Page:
2.2.5. Behavior Problems Inventory-Short Form (BPI-S) The BPI-S ) was used as a measure of challenging behavior. The BPI-S is a shorter version of the Behavior Problems Inventory-01 (BPI-01; ). The BPI-S is 30-item informant- based behavior rating instrument designed to assess challenging behaviors in individuals with intellectual disability. The items fall into one of three subscales; Self-injurious Behavior (8 items), Stereotyped Behavior (12 items) and Aggressive/ Destructive Behavior (10 items). Informants are asked to rate the frequency of challenging behavior observed in the individual in the prior two months using a 5-point Likert-type rating scale (never = 0, monthly = 1, weekly = 2, daily = 3, hourly = 4). Informants are also required to rate the severity of self-injurious and aggressive/destructive a 4-point severity scale (no problem = 0, a slight problem = 1, a moderate problem = 2, a severe problem = 3). Total scores for each subscale are calculated. The BPI-S has been reported to have psychometrically sound properties but test-retest reliability is yet to be examined ().
Informants were parents of children and adolescents diagnosed with ASD. Rating scales were completed by parents using an online questionnaire. Instructions from the original paper copies of the rating scales were provided in the online 2.4. Statistical analyses Descriptive statistics including frequencies, means, and standard deviations were generated for the variables. Pearson's correlations were used to investigate the relationship between anxiety and GI symptoms, sleep problems, and challenging behavior. A hierarchal linear multiple regression was conducted to determine which variables significantly predicted anxiety Raw scores from the DSM-Oriented Anxiety Problems scale of the CBCL were converted into a T-score for each participant.
A T-score of 65–69 placed the participant in the ‘borderline' range, while T-scores above 69 placed the participant in the ‘clinical' range. Fifteen percent (n = 16) participants were in the normal range (M = 56.94, SD = 5.36). Ten percent (n = 11) of the sample were in the borderline anxiety range (M = 65.82, SD = 3.82), while 75% (n = 82) obtained T-scores which placed them clinical in the range (M = 75.09, SD = 3.21) for anxiety problems Child Behavior Checklist (CBCL) DSM-oriented anxiety problems mean T-scores and standard deviations.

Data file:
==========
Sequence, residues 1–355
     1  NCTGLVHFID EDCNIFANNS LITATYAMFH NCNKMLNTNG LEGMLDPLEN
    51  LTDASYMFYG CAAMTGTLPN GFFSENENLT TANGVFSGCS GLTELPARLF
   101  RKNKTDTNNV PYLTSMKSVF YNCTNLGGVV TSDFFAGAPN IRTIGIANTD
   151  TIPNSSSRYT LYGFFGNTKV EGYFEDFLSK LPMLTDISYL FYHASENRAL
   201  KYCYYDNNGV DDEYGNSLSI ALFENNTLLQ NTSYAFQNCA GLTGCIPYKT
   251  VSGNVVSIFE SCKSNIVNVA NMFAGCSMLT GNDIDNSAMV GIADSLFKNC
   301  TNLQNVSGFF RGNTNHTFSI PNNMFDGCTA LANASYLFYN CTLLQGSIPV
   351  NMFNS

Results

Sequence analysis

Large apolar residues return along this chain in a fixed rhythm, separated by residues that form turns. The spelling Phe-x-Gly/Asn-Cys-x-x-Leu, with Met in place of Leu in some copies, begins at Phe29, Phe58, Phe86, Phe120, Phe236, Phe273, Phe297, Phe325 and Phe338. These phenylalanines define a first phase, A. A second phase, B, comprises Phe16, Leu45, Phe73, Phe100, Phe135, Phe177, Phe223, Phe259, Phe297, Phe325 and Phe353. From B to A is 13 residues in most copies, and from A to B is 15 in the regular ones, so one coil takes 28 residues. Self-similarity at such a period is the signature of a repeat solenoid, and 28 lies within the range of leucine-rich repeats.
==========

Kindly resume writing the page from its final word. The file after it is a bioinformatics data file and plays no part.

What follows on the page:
Standard deviation S. Williams et al. / Research in Autism Spectrum Disorders 10 (2015) 30–40 Frequency and percentage of gastrointestinal symptoms.
At least one symptom All five symptoms Children's Sleep Habits Questionnaire (CSHQ) subscales, total mean scores and Standard deviation Bedtime resistance Sleep onset delay Sleep disordered breathing Daytime sleepiness 3.2. Gastrointestinal symptoms Eighty percent (n = 87) of the sample presented with at least one GI symptom within the last three months. Twelve percent (n = 13) presented with one symptom, 15% (n = 16) had two symptoms, 29% (n = 32) experienced three GI symptoms, and 18% (n = 20) had four symptoms. Only 6% (n = 6) of the sample experienced all five GI symptoms within the last three months. The most common GI symptoms were abdominal pain and constipation, with each affecting 60% (n = 65) and 48% (n = 52) of participants respectively. Following these, diarrhea was the next most common symptom, affecting 44% (n = 48) of participants within the last three months, followed by symptoms of nausea experienced by 42% of the sample (n = 46). The least common GI symptom was bloating, where 37% (n = 40) presented with this symptom ().
3.3. Sleep problems The prevalence of a sleep problem in this sample was 92% (n = 100), whereby a score of 41 or more on the CSHQ was indicative of a sleep problem for a participant. The mean score on the CSHQ was 55 (SD = 10.36). The CSHQ consists of eight subscales, which do not have specific cut-off points. A summary of the subscale means and standard deviations are included in 3.4. Challenging behavior The mean scores and standard deviations for the BPI-S were calculated for three subscales (see ). These subscales do not have specific cut-off points. Ninety-nine percent (n = 108) of the sample exhibited at least one form of challenging behavior. Sixty-seven percent (n = 73) of participants displayed all three topographies of behavior, 28% (n = 30) displayed two behaviors, and 5% (n = 5) of the sample displayed one type of challenging behavior.
3.5. Correlation analyses 3.5.1. Anxiety and gastrointestinal symptoms Pearson's correlations were used to test for associations between the variables. In relation to anxiety and GI symptoms, a significant positive correlation was found between total scores on the DSM-Oriented Anxiety Problems subscale of the CBCL Behavior Problems Inventory (Short Form; BPI-S) subscales, total mean scores and Standard deviation Self-injurious behavior frequency Self-injurious behavior severity Aggressive/destructive behavior frequency Aggressive/destructive behavior severity Stereotyped behavior frequency S. Williams et al. / Research in Autism Spectrum Disorders 10 (2015) 30–40 Significant correlations between anxiety and the independent variables.